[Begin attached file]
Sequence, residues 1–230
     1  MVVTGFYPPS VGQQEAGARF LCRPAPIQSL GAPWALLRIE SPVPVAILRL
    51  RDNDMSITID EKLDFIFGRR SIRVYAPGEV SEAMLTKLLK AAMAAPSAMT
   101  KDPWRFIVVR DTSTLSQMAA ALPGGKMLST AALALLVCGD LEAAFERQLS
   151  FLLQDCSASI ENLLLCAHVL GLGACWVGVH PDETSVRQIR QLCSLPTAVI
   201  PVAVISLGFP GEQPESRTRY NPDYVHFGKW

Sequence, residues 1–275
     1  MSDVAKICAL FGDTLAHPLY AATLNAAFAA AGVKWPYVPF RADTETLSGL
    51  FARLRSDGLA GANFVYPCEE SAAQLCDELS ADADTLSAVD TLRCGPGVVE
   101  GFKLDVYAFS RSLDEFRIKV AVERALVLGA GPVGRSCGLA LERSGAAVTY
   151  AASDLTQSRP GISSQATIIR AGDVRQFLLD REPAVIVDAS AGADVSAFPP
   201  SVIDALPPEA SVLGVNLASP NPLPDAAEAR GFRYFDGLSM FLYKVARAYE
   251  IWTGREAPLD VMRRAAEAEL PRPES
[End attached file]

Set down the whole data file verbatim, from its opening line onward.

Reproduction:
Sequence, residues 1–230
     1  MVVTGFYPPS VGQQEAGARF LCRPAPIQSL GAPWALLRIE SPVPVAILRL
    51  RDNDMSITID EKLDFIFGRR SIRVYAPGEV SEAMLTKLLK AAMAAPSAMT
   101  KDPWRFIVVR DTSTLSQMAA ALPGGKMLST AALALLVCGD LEAAFERQLS
   151  FLLQDCSASI ENLLLCAHVL GLGACWVGVH PDETSVRQIR QLCSLPTAVI
   201  PVAVISLGFP GEQPESRTRY NPDYVHFGKW

Sequence, residues 1–275
     1  MSDVAKICAL FGDTLAHPLY AATLNAAFAA AGVKWPYVPF RADTETLSGL
    51  FARLRSDGLA GANFVYPCEE SAAQLCDELS ADADTLSAVD TLRCGPGVVE
   101  GFKLDVYAFS RSLDEFRIKV AVERALVLGA GPVGRSCGLA LERSGAAVTY
   151  AASDLTQSRP GISSQATIIR AGDVRQFLLD REPAVIVDAS AGADVSAFPP
   201  SVIDALPPEA SVLGVNLASP NPLPDAAEAR GFRYFDGLSM FLYKVARAYE
   251  IWTGREAPLD VMRRAAEAEL PRPES